Throughout the third quarter of the twentieth century, the Chicago School played an indispensable intellectual role in defending laissez-faire capitalism from the predations of state capitalism and socialism. As a by-product, the Chicago School also became a foremost defender of economic liberty. The Chicago School advanced this innovative program of ideas through reliance on a sensible rational choice approach, the pre-eminence of private property rights and the rule of law for sustainable economic development, sound microeconomics, and macroeconomics reflective of classical political economy insights adjusted for the adverse experience of the Great Depression. Under the indisputed intellectual leadership of Friedrich von Hayek and Milton Friedman, with the support of Ronald Coase, Harold Demsetz, William Landes, Sam Peltzman, Harry Gordon Johnson, Richard Epstein, Al Harberger, and many younger rising stars, Freshwater Economics engaged and defeated Saltwater Economics in a bloody battle for the soul of the discipline.
Even during that crucial quarter of a century, however, Chicago was spawning the seeds of its ultimate demise, with the hiring of less subtle thinkers such as George Stigler, Eugene Fama, Gary Becker, Robert Lucas, and Richard Posner, each of whom seized eagerly upon the new ideas of their more creative colleagues and progressed within the economics profession by pushing those ideas too far. George Stigler forgot his own important insights on the limits of knowledge and ended up by deconstructing political economy into a near-tautology that ‘what is is efficient’. Eugene Fama became so impressed with the quality of his own mind that he forgot reality and advanced the notion that capital markets are strong-form efficient. Gary Becker became so enamored with his mentor George Stigler that he joined him in the new Chicago Political Economy program by analysing interest group behavior as welfare-enhancing agents of the public good. Robert Lucas carved out a Nobel niche for himself by pushing rational expectations thinking to insane limits. And Richard Posner – well how can I describe the contributions of Richard Posner in a column designed for family readership?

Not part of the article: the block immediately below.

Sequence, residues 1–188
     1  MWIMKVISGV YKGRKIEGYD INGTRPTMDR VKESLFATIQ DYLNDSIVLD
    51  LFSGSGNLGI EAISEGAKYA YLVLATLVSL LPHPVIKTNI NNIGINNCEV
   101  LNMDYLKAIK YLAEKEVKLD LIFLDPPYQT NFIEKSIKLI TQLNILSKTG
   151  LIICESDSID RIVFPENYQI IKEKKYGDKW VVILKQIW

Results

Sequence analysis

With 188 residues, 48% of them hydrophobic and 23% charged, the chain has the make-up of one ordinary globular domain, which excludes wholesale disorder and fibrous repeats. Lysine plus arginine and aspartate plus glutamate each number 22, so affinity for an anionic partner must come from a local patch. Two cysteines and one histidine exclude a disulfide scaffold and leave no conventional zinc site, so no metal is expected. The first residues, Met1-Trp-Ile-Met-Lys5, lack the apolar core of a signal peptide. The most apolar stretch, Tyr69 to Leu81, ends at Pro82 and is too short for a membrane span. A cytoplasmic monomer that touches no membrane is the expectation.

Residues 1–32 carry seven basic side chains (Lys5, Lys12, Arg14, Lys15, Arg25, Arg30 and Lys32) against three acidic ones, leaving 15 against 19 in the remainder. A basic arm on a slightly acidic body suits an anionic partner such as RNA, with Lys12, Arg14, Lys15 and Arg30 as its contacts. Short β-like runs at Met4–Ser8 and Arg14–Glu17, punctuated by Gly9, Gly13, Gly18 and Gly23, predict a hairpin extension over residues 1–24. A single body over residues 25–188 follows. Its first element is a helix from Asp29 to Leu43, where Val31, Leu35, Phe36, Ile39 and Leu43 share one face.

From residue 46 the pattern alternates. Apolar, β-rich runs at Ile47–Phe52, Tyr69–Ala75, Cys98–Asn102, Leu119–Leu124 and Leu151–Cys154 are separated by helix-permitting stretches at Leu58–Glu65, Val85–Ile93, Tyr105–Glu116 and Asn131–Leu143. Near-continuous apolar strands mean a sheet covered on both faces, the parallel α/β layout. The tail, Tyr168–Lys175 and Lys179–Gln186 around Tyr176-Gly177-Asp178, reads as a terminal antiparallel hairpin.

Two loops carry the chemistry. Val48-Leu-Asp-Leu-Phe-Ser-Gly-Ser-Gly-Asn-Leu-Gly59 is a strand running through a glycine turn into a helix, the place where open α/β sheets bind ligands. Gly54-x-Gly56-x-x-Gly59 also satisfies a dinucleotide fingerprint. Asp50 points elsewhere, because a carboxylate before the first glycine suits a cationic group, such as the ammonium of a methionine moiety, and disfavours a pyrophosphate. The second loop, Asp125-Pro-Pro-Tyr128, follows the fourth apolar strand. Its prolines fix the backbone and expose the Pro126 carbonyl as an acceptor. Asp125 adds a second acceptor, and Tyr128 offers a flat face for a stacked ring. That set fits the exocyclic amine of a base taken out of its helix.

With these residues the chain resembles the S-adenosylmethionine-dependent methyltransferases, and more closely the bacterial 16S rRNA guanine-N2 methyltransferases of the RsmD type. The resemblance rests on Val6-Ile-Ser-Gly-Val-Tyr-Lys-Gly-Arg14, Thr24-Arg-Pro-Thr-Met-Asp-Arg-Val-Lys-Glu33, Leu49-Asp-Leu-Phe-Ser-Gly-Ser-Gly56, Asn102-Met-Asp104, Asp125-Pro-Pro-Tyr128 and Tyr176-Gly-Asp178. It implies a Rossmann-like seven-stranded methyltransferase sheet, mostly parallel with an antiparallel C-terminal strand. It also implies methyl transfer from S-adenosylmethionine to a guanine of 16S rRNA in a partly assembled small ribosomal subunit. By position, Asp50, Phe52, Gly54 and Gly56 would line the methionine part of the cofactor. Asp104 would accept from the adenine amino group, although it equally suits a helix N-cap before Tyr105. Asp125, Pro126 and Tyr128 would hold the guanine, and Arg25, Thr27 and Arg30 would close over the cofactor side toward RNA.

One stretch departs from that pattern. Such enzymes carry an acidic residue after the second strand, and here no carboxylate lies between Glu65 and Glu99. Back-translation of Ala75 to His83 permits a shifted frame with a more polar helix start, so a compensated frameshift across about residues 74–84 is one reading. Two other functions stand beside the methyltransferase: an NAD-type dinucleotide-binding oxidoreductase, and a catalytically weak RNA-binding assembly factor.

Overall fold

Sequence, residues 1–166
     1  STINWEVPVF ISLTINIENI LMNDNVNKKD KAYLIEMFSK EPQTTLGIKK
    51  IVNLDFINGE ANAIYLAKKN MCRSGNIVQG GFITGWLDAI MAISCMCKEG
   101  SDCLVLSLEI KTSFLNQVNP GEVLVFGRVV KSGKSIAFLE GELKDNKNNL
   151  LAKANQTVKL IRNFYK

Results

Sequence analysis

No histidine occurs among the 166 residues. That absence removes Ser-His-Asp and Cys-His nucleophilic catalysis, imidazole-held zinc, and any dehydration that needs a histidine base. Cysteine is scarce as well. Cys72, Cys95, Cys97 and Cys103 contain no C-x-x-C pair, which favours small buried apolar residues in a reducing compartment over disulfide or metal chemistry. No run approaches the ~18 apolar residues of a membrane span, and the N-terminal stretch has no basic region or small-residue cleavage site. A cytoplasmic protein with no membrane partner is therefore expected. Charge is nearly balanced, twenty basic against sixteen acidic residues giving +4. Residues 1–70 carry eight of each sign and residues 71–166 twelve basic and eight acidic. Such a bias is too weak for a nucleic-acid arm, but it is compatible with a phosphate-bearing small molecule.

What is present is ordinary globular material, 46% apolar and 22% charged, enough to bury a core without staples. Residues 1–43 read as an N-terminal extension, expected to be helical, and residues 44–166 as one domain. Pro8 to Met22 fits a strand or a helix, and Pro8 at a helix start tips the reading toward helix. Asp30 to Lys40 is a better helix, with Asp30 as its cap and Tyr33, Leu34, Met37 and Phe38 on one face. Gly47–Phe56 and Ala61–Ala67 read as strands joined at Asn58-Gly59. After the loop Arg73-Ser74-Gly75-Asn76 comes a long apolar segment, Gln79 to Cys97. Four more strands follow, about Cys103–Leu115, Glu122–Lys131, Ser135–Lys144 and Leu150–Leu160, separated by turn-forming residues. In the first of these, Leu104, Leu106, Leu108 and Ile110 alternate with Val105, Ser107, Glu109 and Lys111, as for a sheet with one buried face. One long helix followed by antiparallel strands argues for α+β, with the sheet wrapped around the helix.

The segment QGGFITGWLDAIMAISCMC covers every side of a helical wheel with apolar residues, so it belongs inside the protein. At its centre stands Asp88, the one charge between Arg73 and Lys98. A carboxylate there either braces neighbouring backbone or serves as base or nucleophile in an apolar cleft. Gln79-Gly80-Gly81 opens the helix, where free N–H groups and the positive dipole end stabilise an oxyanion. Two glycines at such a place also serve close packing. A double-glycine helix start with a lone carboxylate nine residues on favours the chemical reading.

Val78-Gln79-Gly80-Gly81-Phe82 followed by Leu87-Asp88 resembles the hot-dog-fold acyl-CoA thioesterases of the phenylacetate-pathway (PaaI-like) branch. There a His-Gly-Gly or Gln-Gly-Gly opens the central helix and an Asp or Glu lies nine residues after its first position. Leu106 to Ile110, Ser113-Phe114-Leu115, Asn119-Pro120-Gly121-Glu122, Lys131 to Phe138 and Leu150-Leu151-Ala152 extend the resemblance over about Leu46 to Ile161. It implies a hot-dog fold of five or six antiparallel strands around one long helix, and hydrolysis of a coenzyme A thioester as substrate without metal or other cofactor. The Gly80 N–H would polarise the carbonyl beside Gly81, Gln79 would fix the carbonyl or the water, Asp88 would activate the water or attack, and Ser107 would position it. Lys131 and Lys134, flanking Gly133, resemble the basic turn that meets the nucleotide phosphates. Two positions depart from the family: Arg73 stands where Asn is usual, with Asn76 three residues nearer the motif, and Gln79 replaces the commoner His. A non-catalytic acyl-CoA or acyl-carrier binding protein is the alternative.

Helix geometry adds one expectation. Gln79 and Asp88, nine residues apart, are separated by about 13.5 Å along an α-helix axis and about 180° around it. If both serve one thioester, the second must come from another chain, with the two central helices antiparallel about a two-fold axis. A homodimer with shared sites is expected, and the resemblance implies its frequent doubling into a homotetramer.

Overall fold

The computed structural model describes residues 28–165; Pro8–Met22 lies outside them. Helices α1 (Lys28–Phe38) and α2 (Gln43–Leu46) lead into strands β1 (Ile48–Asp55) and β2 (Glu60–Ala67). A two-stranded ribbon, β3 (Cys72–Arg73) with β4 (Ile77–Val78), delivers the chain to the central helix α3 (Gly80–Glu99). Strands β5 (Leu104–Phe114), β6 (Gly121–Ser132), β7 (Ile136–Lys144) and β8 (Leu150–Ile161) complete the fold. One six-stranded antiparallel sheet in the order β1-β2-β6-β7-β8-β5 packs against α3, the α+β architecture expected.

So the seeds for decline and fall were well-embedded into the Chicago economics program by the mid-1970s, awaiting only the exodus of Hayek and Friedman in order to explode into dominance. By the mid-1980s, the new Chicago was in full flood, now dominated by Stigler, Becker, Lucas, Posner and Fama. Democratic political markets were not just politically efficient, but wealth maximizing for society. Interest groups were agents of the public good. Capital markets were universally strong-form efficient. Western macroeconomies were Pareto-optimal throughout the real business cycle. The common law had evolved (in the United States at least) into a wealth maximizing agent of economic development. Think about the Hubris of such shallow thinking, Dear Readers, and just know that Nemesis was out there waiting in the wings.
Well, Nemesis moved center-stage in September 2008. In tomorrow’s column I shall begin to address just where those Chicago over-achievers and their new accolytes have ended up, following the shattering of their ill-founded fantasies.
Tags: Chcago School Economics, Chicago School Political Economy, interest groups as agents of the public good, rational expectations, strong-form efficiency of capital markets, the wealth maximizing common law, what is is efficient